Shall we start with… vessel? VESSEL???? As in the BLOOD VESSEL THAT IS ABOUT TO BURST IN MY BRAIN? It has to be because surely, we cannot be implying that those women are empty containers ready to be filled with a baby? Putting the poor choice of word (I can be so diplomatic when I want) aside, there is this idea of fate and destiny surrounding the premise and I felt that the mothers have little to no choice in the matter when it comes to being pregnant. This council of sage women decide on their behalf and they go through all the reasons why a woman should or should not “get” the soul of a baby. Here is an example of a stork society meeting: one of the storks has dreamed about the soul of a boy (who will be “gifted in music, but someone to whom words will come slowly”) and the prospective vessels:

“A thirty-year-old mother of three girls. Her husband pines for a boy. A twenty-nine-year-old single woman, who has lost herself in her career. A thirty-eitght-year-old who has, four times, endured artificial insemination. The husband has been incredibly patient.”

“And you have a recommendation for us?” asked Hulda.

“The thirty-year-old,” replied Dorit. “She has waited so long”

(Can I take one moment to go over this? THE HUSBAND HAS BEEN INCREDIBLY PATIENT???? THE HUSBAND???? Like, it is her FAULT that she can’t get pregnant? Is HE the one enduring artificial insemination? Being poked and probed? I THINK NOT).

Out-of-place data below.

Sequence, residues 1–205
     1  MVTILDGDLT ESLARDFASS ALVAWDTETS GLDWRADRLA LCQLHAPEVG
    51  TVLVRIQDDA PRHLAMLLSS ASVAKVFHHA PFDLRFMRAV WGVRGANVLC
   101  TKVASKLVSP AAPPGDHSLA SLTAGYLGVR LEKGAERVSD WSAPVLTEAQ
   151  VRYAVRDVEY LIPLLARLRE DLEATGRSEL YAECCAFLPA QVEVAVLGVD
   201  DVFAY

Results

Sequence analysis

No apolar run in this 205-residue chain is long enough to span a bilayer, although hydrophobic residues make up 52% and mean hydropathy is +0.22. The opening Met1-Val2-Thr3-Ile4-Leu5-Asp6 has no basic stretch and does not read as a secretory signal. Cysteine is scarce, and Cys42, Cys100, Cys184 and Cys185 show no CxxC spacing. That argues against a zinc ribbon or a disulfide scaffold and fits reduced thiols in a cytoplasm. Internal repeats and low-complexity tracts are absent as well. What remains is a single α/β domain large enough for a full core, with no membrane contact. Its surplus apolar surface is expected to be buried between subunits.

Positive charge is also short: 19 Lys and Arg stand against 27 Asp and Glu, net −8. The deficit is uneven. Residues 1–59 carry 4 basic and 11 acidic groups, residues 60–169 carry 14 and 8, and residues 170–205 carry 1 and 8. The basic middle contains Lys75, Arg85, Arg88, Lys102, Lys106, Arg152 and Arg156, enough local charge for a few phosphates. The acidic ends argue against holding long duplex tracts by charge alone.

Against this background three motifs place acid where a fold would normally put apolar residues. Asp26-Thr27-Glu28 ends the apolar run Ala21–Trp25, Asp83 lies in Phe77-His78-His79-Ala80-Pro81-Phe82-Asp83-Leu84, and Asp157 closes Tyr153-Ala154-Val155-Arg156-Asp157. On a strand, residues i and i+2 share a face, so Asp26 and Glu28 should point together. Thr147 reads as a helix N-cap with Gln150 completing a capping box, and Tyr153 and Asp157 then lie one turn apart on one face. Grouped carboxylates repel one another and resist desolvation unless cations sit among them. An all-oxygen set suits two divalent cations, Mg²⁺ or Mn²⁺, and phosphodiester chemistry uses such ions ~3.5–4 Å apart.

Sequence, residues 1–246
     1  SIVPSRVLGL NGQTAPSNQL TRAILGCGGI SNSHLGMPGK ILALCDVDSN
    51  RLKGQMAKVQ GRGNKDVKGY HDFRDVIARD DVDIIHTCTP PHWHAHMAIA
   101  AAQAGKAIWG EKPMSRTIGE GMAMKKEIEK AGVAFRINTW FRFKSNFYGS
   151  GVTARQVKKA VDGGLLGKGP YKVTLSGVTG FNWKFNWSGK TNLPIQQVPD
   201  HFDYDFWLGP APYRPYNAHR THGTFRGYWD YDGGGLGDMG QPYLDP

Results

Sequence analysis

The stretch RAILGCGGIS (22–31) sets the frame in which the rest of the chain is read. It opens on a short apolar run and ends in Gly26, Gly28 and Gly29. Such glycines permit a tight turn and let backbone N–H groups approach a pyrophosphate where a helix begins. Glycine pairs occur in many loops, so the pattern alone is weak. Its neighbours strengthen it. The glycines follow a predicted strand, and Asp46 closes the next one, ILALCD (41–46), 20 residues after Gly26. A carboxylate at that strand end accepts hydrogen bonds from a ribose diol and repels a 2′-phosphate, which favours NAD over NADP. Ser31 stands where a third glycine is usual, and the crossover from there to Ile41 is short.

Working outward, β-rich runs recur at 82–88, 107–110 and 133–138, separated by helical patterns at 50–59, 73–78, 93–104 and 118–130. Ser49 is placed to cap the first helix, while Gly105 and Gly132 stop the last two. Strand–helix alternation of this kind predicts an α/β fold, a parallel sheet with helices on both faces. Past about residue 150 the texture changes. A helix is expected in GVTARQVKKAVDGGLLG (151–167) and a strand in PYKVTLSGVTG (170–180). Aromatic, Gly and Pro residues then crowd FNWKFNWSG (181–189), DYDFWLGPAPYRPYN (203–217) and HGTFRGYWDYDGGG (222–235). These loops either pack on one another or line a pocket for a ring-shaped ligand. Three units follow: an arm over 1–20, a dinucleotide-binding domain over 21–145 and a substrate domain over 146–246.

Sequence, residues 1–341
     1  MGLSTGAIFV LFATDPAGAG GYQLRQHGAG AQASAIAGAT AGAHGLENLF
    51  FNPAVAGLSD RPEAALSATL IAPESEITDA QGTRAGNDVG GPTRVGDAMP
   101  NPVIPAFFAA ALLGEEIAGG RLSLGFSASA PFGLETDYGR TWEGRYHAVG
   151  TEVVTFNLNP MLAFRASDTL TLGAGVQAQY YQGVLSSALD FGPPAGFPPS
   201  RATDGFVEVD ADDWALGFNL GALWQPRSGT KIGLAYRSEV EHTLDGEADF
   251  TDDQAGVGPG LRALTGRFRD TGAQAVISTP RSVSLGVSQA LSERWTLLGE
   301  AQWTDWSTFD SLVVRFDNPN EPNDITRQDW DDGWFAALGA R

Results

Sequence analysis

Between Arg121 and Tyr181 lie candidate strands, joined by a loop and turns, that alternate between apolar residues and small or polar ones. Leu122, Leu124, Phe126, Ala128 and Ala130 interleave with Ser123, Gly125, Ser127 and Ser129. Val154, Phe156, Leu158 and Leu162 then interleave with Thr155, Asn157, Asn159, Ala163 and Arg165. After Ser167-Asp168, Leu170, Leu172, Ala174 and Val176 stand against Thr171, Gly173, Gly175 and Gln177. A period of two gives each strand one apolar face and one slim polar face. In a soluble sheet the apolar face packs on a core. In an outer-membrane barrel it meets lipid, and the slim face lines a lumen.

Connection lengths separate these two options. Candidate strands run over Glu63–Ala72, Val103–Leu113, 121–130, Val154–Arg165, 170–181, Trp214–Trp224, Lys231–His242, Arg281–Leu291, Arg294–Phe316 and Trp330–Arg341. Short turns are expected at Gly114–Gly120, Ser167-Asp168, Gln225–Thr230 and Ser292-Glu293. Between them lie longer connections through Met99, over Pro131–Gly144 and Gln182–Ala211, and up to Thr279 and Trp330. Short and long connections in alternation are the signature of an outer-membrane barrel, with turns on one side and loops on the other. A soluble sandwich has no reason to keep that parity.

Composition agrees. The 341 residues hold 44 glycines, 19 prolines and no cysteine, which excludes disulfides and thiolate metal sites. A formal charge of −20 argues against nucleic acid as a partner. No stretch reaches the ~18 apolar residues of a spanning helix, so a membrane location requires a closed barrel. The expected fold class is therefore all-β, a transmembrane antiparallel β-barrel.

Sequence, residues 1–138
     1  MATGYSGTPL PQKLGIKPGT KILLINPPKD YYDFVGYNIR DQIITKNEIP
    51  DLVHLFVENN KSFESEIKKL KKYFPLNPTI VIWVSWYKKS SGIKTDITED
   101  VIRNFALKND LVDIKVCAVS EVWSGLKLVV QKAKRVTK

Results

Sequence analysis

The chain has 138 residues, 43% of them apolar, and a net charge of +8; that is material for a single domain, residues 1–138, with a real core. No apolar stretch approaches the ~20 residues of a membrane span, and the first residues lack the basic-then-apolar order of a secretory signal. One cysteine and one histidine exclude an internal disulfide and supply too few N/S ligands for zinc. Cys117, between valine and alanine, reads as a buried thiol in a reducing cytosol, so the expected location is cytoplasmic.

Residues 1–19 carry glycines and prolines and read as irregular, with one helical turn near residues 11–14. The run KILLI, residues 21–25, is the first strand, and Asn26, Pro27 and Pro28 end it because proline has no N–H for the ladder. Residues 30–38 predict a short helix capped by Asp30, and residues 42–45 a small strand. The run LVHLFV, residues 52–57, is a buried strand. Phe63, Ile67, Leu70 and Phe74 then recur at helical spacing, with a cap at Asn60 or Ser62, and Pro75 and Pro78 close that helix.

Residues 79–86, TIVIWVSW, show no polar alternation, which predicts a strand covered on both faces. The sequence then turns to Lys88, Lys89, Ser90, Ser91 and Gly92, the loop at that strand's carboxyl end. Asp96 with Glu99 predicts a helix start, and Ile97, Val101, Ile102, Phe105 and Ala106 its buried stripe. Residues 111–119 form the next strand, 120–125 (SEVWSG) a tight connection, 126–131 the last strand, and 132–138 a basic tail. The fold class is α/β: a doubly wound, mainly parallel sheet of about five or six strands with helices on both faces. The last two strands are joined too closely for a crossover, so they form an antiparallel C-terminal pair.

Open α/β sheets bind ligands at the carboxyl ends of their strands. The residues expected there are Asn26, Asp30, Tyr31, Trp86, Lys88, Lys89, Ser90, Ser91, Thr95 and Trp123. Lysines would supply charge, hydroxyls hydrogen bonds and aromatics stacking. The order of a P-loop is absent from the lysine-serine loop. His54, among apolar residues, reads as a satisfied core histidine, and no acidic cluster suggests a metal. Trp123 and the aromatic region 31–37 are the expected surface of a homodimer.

Still being diplomatic: I find this whole idea and its implications, slightly uncomfortable. I am firmly pro-choice and the whole idea behind the premise of this book just goes against everything I believe in.

Which brings me to the problems I had with the world-building. So, you have this council of wise women deciding which mother gets which baby. The decision seems to be guided from somewhere within each stork and according to Katla, it actually feels like being “guided by someone else” and afterward there is a feeling of “rightness”. My question is: how can there be any real decision when you are being guided by an unseen…additional force? To me, this automatically excludes any potential source of conflict stemming from making a wrong choice because there is no possibility of a wrong choice: it is DESTINY. And WHY do they need 3 potential vessels for??? Doesn’t that make the whole process slower considering the amount of people in the world?

Furthermore: this seems to be exclusively an Icelandic thing – so what happens to babies and women all over the world where there are no Icelandic connections? Are there councils everywhere, one in every town? How many storks are necessary to take care of the entire world? In all fairness at one point it is hinted that only the souls in need of guidance need the help of storks but…why exactly? How does one qualify a soul in need of guidance? What happens to all the other unborn babies, how do they find families?

Another question: What do the Norse mythos of Jack Frost and Hans Christian Andersen’s The Snow Queen have to do with…. storks and babies?